Is there a constructive parallel repetition theorem for nice MIP protocols?

Theorem 1.1 of Ran Raz's paper is a non-constructive upper bound on the soundness error of parallel repetitions of a 2-prover minimally minimally interactive proof system with perfect completeness.

As far as I can see, despite the second sentence of that paper's abstract suggesting otherwise, that paper does not give a constructive upper bound on the relevant quantities.

Is there a known constructive upper bound on the soundness error of parallel repetitions of a 2-prover minimally minimally interactive proof system with perfect completeness?

• "constructive" is an overloaded term. what do you mean? – Sasho Nikolov Jan 3 '14 at 10:02
• I mean "implicitly gives an algorithm which, on input of a rational number in the interval (0,1) for the soundness error of the original protocol and another such rational for the target soundness error, outputs an integer such that the soundness error of [parallel repetition of that many copies of the original protocol] is at most the target soundness error". $\;$ – user6973 Jan 3 '14 at 21:09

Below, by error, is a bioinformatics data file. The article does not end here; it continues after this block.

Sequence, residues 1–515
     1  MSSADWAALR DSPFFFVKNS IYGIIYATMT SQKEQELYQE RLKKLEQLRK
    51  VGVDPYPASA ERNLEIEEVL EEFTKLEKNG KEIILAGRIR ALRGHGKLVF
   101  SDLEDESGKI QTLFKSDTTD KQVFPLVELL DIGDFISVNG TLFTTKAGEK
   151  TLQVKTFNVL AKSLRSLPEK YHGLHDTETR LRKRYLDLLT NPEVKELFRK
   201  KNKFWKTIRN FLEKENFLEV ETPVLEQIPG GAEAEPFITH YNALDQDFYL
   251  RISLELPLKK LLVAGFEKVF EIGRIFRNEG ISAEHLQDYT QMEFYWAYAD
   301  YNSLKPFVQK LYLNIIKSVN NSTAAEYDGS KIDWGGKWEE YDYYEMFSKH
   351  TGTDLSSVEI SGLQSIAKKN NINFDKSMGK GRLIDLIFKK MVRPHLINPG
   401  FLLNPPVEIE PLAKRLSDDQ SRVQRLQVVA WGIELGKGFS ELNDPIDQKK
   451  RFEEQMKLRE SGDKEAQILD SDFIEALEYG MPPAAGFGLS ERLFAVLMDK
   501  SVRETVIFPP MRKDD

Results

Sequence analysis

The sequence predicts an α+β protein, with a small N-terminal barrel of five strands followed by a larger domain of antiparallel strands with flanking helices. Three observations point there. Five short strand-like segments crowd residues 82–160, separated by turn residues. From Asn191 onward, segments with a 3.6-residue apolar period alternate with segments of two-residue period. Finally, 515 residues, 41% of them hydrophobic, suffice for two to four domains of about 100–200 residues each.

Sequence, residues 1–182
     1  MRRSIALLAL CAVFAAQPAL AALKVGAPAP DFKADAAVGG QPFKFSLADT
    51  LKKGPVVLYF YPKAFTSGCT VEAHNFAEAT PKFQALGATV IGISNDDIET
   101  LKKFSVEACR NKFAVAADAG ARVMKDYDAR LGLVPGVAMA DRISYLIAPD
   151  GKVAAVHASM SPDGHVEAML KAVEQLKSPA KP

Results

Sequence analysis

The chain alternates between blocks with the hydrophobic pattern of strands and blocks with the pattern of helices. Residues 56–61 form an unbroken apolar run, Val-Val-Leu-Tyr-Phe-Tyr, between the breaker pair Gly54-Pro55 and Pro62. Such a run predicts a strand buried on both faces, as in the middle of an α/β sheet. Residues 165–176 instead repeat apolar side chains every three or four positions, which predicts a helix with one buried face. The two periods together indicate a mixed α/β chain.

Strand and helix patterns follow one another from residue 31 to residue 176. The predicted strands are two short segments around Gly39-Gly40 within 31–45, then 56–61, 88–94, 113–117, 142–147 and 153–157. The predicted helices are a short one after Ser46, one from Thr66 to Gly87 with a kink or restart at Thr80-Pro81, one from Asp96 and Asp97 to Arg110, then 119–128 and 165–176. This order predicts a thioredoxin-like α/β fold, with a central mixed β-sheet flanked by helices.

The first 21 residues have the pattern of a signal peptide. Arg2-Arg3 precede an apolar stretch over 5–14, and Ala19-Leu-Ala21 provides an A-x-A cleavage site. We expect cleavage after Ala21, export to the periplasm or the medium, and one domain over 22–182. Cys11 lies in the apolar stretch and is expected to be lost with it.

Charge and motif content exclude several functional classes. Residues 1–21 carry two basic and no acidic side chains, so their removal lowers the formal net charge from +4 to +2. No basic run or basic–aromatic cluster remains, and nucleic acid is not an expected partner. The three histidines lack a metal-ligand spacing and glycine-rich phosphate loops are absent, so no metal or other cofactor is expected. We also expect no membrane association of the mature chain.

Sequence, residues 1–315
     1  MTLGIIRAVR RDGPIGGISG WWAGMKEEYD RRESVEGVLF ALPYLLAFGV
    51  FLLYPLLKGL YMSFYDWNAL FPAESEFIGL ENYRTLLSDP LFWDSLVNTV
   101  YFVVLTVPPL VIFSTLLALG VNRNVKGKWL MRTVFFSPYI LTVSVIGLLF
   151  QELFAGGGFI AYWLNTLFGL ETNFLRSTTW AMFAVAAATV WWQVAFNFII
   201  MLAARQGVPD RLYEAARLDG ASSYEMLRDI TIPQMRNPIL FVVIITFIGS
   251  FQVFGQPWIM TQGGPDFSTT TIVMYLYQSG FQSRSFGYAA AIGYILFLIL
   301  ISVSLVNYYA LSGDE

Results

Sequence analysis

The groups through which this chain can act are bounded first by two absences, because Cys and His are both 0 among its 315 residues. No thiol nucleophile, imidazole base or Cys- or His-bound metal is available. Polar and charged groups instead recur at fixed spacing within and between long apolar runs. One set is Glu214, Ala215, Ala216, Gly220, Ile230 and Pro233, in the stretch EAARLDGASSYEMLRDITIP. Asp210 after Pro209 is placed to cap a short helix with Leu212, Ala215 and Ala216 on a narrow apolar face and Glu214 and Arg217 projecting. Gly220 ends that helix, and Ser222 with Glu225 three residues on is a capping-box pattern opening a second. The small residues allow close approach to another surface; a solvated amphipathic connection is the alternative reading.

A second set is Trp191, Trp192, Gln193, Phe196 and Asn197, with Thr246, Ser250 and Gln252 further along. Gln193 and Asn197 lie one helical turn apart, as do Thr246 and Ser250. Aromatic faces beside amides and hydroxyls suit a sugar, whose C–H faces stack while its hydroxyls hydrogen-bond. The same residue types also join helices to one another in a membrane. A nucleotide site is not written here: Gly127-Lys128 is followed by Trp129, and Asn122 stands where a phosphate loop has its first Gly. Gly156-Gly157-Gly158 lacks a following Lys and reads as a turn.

• i.e. you want computable bounds (but not necessarily polynomial time computable)? – Sasho Nikolov Jan 3 '14 at 23:02
• Yes. ${}{}{}\;$ – user6973 Jan 3 '14 at 23:12

In his simplified proof of the parallel repetition theorem, Holenstein gives the following explicit bound on the value of the $n$-fold parallel repetition of a game with value $v$:
$$\left(1-\frac{(1-v)^3}{6000}\right)^{n/\log(|\Sigma_1|\cdot |\Sigma_2|)},$$ where $\Sigma_1, \Sigma_2$ are the alphabets of the two players.
• I'm not referring to any particular step, just the mysterious function $W$. $\:$ Although I only read the first few pages (the paper is over 40 pages), I didn't see him asserting that his bound(s) could be made explicit. $\;\;\;$ – user6973 Jan 4 '14 at 0:52
• Why would you characterize the bound as non-constructive in your question, despite the abstract explicitly claiming constructivity, if you do not know the proof well enough to know whether there is an implicit algorithm to compute $W$? – Sasho Nikolov Jan 4 '14 at 11:21
• The abstract does not explicitly claim constructivity; it strongly suggests constructivity. $\hspace{.53 in}$ On the other hand, the paper explicitly does not focus on the "exact behavior of the function" $W$, and none of the three comments at the top of page 4 imply constructivity. $\hspace{.42 in}$ – user6973 Jan 4 '14 at 11:39